If you find everyday living a funny topic, then you'll want to see Tim Hawkins on Saturday at Blackhawk Ministries. If not, you should stop by anyway. You're sure to gain a new perspective.
Hawkins, a comedian and songwriter, performs with special guests John Branyan (from Kokomo) and Jonnie W., who perform individually as well as with Hawkins.
Hawkins spoke via phone while out to pick up family groceries and lunch. Home is St. Louis, Mo., in the “good ole Midwest.”
While he is quick to point out the Rockshow Comedy Tour isn't really a tour, his appearances here and there are based on the video he did a couple of years ago.
Hawkins pokes fun at everyday life and spoofs hit songs, which takes him only minutes to complete.
“If you hear a song 20 times a day, you want to make it different for the sake of your sanity,” he said. “I'll be in the car and a phrase with come up in my mind.”
His more familiar parodies include “Pretty Pink Tractor,” “Cletus Take the Reel,” “Short Songs” and “Smells Like Birthday Cake.”
Hawkins' most recent song did not come from the radio, however, but from the social media site Facebook. On it he asked, “What don't you care about?” and he received numerous responses. Hawkins said the tune is “My Favorite Things” from “The Sound of Music.”
“I used to write what I thought was funny,” he said. “Now all I do is live my life and make notes. I live life.”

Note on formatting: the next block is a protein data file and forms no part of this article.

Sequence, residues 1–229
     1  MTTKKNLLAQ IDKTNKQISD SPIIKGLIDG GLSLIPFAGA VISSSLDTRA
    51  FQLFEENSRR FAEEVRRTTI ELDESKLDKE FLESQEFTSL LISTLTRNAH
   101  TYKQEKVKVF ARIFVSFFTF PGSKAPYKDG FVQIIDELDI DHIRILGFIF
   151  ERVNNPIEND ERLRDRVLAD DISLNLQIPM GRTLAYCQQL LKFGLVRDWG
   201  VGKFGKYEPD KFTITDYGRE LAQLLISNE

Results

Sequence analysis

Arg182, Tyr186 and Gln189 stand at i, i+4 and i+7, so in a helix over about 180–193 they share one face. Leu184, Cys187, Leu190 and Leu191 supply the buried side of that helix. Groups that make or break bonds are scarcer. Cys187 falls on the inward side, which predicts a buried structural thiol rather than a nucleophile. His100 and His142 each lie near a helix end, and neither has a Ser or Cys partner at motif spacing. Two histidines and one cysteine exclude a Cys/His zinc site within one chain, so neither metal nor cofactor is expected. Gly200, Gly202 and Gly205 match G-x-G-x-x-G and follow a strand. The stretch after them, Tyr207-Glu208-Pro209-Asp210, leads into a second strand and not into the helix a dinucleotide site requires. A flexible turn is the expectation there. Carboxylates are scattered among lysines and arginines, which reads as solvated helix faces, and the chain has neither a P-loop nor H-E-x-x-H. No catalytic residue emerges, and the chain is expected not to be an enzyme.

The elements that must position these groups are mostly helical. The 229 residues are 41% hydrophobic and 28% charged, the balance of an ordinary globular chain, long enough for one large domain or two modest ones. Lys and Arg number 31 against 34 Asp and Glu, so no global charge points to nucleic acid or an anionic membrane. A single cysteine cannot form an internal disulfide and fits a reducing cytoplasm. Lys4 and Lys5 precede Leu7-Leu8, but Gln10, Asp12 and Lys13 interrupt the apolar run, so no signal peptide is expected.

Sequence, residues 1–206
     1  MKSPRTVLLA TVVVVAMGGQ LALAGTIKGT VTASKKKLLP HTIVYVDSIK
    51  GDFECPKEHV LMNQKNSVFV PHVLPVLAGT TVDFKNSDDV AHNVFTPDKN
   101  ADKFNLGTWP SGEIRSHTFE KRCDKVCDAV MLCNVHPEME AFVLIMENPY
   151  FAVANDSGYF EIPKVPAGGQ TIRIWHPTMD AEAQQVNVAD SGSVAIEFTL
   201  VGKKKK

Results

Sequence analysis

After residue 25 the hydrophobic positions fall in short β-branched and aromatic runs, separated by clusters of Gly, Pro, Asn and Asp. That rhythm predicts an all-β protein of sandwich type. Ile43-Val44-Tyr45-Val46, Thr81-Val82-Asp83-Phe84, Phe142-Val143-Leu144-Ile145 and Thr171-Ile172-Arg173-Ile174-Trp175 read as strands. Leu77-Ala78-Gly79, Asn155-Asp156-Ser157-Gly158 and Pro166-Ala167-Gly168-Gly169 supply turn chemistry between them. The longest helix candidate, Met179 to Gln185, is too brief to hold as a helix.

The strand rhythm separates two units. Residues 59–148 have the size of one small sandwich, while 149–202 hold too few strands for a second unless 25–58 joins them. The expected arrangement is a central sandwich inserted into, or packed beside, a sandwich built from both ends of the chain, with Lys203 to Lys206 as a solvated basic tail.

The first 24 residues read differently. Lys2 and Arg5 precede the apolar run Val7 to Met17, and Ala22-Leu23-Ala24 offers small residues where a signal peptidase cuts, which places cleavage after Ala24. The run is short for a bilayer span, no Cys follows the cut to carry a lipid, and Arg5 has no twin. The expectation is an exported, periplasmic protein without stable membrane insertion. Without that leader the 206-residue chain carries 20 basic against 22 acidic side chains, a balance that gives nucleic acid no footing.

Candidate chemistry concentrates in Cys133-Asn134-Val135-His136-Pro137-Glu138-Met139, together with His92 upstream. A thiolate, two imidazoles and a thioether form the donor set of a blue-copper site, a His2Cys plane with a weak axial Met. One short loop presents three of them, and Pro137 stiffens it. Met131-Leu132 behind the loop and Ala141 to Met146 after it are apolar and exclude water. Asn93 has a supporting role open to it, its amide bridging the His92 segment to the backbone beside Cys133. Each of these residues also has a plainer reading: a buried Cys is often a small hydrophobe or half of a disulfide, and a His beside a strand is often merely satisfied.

Hawkins' life hasn't always been funny, though. His wife, Heather, has been in remission from breast cancer for three years.
“It's pretty heavy stuff — emotionally and psychologically draining,” he said. “We had a lot of good people who not only educated us but loved us.”
Hawkins, who has three sons and one daughter ages 6-16, said his wife's illness was particularly difficult for his daughter.
“She exhibited behaviors because she was afraid Mom was going to die. She wasn't mean. She was trying to disconnect so she wouldn't get hurt,” he said.
It's that honesty Hawkins seeks while performing comedy on the stage.
“When you connect with a group of people, they relate to you,” he said. “If you can latch onto the truth, then you're doing yourself a favor. It's very fulfilling.”
Hawkins admitted that he sometimes has to change material for his audiences.
“I'm doing shows for all ages, 6 to 86, which is a challenge in itself. I do have to use different things to keep them interested and engaged,” Hawkins said. “It keeps me going. Some guys can do the same act over and over. I can't.”
Hawkins is working on another DVD, due out at Thanksgiving.